Give Mayor Peduto credit and room to lead on Amazon

The Pittsburgh Post Gazette has unfairly and naively criticized Pittsburgh Mayor Bill Peduto for his efforts to persuade Amazon to locate its second headquarters in the Steel City. His plan is too secretive, the newspaper says, as though business negotiations of this kind are conducted publicly. They aren't. Preliminary plans and negotiations are always confidential, and yes, that's true even when one of the parties is a public entity. Even the Post Gazette must acknowledge that the Peduto Administration is one of the most open and transparent in the Country. Spend 10 minutes on the City's website and you will find a trove of information ready for any curious resident to download and read. Want to see who testified on such and such date before City Council? You can because the City posts videos of Council meetings. Want to see every last line item in the City's budget? You can download that information with the click of a mouse. Bill Peduto, his staff and other community leaders should be praised for making a proposal that edged out the majority of other competitors and secured Pittsburgh a spot on Amazon's list of 20 finalists. If Amazon chooses Pittsburgh, it will become...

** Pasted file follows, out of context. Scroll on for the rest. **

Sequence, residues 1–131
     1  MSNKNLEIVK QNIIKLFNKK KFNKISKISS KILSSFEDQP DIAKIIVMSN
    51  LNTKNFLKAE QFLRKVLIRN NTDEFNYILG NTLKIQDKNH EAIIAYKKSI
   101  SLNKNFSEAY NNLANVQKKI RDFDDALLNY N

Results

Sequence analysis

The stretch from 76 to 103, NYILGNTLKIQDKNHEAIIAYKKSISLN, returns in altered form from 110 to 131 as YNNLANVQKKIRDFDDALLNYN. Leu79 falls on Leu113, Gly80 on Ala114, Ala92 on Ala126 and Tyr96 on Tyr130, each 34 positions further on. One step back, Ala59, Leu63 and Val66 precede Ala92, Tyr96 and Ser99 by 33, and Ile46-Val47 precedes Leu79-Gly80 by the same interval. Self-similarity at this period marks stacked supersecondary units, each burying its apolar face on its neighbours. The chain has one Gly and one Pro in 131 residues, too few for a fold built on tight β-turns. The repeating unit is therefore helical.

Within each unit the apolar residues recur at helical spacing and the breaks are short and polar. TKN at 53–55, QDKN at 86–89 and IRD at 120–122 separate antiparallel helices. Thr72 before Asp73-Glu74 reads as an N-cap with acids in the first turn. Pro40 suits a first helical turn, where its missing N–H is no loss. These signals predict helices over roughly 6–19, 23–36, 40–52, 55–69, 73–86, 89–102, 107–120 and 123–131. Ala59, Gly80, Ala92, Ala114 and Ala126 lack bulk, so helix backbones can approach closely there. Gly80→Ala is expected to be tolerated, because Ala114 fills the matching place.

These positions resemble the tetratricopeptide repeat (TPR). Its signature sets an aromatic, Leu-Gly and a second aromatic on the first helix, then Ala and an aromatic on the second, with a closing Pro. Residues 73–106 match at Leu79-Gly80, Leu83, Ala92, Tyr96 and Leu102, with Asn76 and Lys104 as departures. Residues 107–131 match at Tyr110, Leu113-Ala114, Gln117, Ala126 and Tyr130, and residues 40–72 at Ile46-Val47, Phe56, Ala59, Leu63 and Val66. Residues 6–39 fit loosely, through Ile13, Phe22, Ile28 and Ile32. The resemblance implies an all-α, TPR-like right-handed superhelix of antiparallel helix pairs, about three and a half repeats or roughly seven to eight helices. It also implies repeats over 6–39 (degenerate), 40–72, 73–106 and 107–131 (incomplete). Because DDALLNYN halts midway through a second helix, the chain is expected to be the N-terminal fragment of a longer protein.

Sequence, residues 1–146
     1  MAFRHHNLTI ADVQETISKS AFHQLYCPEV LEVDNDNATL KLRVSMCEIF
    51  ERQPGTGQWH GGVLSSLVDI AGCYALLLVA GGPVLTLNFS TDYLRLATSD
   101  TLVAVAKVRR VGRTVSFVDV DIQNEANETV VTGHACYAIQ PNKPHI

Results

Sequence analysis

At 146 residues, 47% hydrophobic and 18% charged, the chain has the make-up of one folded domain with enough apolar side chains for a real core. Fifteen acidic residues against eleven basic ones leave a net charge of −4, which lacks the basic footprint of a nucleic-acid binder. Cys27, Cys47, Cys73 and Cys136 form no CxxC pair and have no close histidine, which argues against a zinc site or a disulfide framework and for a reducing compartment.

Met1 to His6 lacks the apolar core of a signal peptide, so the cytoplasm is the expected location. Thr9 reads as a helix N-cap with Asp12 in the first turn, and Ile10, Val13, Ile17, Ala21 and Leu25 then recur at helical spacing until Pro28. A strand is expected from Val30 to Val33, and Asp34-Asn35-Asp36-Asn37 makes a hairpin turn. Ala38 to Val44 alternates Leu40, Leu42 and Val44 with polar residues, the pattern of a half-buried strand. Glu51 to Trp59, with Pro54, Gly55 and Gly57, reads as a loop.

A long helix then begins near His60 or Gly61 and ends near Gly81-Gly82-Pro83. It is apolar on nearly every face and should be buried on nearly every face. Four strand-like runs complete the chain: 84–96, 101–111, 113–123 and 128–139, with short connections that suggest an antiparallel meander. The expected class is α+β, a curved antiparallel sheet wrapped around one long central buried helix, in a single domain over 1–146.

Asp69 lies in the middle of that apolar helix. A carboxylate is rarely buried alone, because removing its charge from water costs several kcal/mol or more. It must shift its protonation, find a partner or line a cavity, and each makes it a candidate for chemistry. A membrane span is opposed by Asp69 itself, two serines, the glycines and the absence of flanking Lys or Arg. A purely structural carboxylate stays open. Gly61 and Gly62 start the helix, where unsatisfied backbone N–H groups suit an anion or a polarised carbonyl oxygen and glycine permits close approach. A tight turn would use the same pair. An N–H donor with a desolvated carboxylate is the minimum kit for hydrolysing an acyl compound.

Equifax proves case against forced arbitration

By David Dayen, The Intercept - EQUIFAX, THE CREDIT REPORTING BUREAU that on Thursday admitted one of the largest data breaches in history, affecting 143 million U.S. consumers, is maneuvering to prevent victims from banding together to sue the company, according to consumer protection advocates and elected officials.Equifax is offering all those affected by the breach a free, one-year credit monitoring service called TrustedID Premier, which will watch credit reports for suspicious activity, lock and unlock Equifax credit reports, scan the internet for Social Security numbers, and add insurance for identity theft. But the service includes a forced arbitration clause, which pushes all disputes over the monitoring out of court. It also includes a waiver of the right to enter into a class-action lawsuit.This shields TrustedID Premier from legal exposure, instead relying on a process that’s very favorable to corporate interests. At first the arbitration clause was a non-negotiable feature of the contract. Now Equifax says you can opt out, but only if you contact them in writing within 30 days.There’s already a proposed class-action suit against Equifax itself, arguing that the company failed to protect consumer data and exposed hundreds of millions to identity theft. But if you can’t...

Thousands turn out at Sanders rally

Thousands of Pittsburghers showed their love for Senator Bernie Sanders earlier today.